"They've played superbly well for Munster, and then duplicated that on the international stage.
"We've had some good tussles. They are good players...honest, really hard-working, skilful boys."
- Wales lock Ian Gough gives his assessment of the Ireland second row partnership of Paul O'Connell and Donncha O'Callaghan, whom he and Alun Wyn Jones will face off against on Saturday
"Going to bed early and having tall parents."
- Ireland lock Paul O'Connell answers a question from Ireland supporter Paddy McCrossan, who asked him, 'what does it takes to be really tall?'
1948 - The 1948 fixtures for the Ireland Grand Slam-winning team went in the same order as 2009 with the obvious exception of Italy's inclusion.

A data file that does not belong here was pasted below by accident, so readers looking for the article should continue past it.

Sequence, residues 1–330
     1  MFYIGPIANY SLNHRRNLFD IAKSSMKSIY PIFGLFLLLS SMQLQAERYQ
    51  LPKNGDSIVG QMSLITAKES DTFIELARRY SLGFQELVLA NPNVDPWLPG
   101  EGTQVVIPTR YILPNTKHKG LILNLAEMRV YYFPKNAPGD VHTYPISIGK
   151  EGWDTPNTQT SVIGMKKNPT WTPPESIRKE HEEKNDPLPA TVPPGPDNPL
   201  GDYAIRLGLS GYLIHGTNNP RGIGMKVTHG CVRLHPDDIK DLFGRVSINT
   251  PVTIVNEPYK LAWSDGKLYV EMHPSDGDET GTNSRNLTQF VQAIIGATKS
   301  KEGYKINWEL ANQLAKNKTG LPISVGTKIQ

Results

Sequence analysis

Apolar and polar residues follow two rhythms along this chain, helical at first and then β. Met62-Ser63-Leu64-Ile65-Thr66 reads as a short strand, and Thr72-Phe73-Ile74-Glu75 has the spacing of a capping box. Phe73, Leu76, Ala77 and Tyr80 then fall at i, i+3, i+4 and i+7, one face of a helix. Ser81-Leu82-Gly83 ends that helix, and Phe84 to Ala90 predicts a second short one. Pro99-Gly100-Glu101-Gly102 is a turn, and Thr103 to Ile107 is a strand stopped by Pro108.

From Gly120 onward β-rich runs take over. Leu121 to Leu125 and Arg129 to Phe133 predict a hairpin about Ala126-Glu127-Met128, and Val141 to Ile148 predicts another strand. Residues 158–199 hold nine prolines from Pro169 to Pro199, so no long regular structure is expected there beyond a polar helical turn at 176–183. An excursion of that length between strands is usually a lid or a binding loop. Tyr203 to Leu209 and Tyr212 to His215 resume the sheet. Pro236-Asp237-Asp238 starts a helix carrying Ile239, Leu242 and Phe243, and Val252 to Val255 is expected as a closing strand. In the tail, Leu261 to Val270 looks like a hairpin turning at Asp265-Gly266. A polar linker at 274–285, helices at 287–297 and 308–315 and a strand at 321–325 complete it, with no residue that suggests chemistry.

Ireland's '48 heroes won their final game at Ravenhill against Wales 6-3. The entrance free was 10 shillings (50p) and the match programme was thrown in for an extra thruppence!
22 - Out-half David Humphreys created the individual scoring record for an Ireland v Wales match by scoring 22 points for Ireland in their Dublin win in 2002. Neil Jenkins set the corresponding record for Wales when he collected 20 points there in the 30-21 win in 1998.
113 - Out-half Neil Jenkins is the leading overall scorer in the Ireland v Wales series. He scored 113 points for Wales in ten appearances against Ireland between 1991 and 2000.
David Humphreys has corresponding record for Ireland with 84 points in nine appearances in the series between 1996 and 2005. The sides' current number 10s Ronan O'Gara and Stephen Jones have scored 80 points to date